Government Resume Guide: How to Translate Private Sector Skills

Are you worried that your private sector skills wouldn’t translate to the public sector? 

Former private sector employees will need to do much more than just update their resumes to appeal to a public sector employer. Put yourself in the shoes of Government employers. The majority are risk-averse when hiring, so your resume needs to reassure them that you’re a good match and that you understand their specific goals. 

Also, Government resumes are very different from private sector resumes in that they are usually tailored to each role and include a lot of supplemental information (e.g., achievements to demonstrate a specific skill). Your resume should also perfectly complement your pitch or statement of claims

In this article, we’ll explain how to make your resume stand out when applying for highly competitive roles in the Federal, State or Local Government. 

Address the needs of the employer

Research the position so you’ll fully understand how the job responsibilities of the role will support the overall purpose of the Department or Agency you’re applying at. 

You’ll need to evaluate your entire experience to identify the skills and achievements that best position you for the role. Remove irrelevant duties that veer away from this focus. For example, previous leadership functions, even voluntary, could help when applying for team leader, manager or director roles (APS 6 and up). Include examples or achievement stories, as much as possible, to demonstrate your skills. 

Deliver the goods

Your resume will stand out if it’s targeted and key info is easy to find (ideally, within the top half of the first page of your resume). Your goal is to make sure Government employers don’t have to hunt for critical information and that they’ll be able to see this upfront. 

Write a compelling ‘Professional Summary’ section that highlights the areas you excel in, along with other crucial factors, such as key achievements or skills. The goal is to make it immediately clear to public sector employers what you can offer, compelling them to read the rest of your resume. 

Include a skills section to provide a snapshot of your capabilities and behaviours aligned with work level standards. Your skills section can be brief that just list down your different skills in bullet points. Or it can be expanded to include a sentence or relevant achievement that supports each skill.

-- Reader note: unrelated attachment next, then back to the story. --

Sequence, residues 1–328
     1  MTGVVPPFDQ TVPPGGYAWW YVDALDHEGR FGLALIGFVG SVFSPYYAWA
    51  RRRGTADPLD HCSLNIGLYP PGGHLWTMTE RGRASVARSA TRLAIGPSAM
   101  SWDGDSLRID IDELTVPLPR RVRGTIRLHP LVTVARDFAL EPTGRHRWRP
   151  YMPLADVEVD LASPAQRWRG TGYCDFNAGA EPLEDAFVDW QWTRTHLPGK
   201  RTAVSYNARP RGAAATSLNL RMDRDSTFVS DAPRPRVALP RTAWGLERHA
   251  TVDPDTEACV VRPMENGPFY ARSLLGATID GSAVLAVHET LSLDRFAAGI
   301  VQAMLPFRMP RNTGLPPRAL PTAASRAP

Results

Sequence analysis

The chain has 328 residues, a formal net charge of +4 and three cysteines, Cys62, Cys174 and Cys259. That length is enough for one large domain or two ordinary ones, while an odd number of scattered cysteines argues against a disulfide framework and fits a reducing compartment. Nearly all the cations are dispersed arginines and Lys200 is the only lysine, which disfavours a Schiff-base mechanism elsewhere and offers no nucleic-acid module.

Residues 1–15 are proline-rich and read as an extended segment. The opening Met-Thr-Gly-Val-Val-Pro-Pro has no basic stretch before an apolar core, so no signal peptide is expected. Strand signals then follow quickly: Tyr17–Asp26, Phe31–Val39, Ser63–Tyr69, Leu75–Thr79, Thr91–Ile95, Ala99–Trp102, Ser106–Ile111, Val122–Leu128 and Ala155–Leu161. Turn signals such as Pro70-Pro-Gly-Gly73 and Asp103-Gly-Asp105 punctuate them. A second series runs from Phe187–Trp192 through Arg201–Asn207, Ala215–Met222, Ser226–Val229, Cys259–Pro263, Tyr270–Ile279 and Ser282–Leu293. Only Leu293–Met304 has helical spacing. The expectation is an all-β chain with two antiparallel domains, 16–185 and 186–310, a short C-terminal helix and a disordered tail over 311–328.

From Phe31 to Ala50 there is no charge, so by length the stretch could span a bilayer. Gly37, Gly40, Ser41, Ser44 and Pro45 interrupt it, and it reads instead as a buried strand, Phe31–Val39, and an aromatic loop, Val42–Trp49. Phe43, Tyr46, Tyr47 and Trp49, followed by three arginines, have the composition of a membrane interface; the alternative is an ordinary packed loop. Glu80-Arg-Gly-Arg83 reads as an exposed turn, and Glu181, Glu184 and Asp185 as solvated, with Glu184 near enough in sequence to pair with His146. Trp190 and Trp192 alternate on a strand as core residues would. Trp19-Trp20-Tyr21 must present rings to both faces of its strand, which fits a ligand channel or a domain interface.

Below is a list of important skills and attributes usually required when applying for public sector positions: 

  • Ability to communicate clearly in both verbal and written formats 
  • Ability to deal confidently with and build productive working relationships with internal and external stakeholders 
  • Capability to work independently and in collaboration with others to achieve the intended results 
  • Judgement, intelligence, commonsense and analytical abilities to be able to think strategically and support the organisation’s direction 
  • Personal drive and integrity, including personal courage, professionalism and commitment to personal development 

It’s also important to mention your ability to learn, including your capability to pick up any new tasks or systems. You’ll need to back this up with evidence on your resume by highlighting your learning achievements in your private sector jobs. 

Write in the employer’s language

Government Departments and Agencies usually use keyword scanning software (ATS), so your resume needs to contain  keywords found in the job advertisement. 

Also, when switching to the public sector, keep in mind that acronyms are not universally understood. Try to avoid acronyms, or, if necessary, be sure to spell them out on the first reference.

Be careful when writing your job titles. You may need to add an explanatory line to describe the scope of your private sector roles or even rewrite in public sector terminology without necessarily giving yourself a demotion or promotion in the process.

For example: Buyer (Equivalent to Procurement Specialist)  

In Summary

Translating your private sector experience into public service is challenging but not impossible.

Once you’ve addressed each of the areas, you’ll emerge with a compelling resume that might just open the right doors for you in the public sector. 

Have you got more questions about what to include on your public service resume?

Start building your public service resume by using this free template.

Or get in touch with our team.

Our team at Rev-Up Your Resume has vast experience in preparing resumes, selection criteria and pitches for Government applications. We’ve been helping clients by taking the stress out of writing a professional resume that includes the right keywords, experience and competencies while passing through any scanning software used.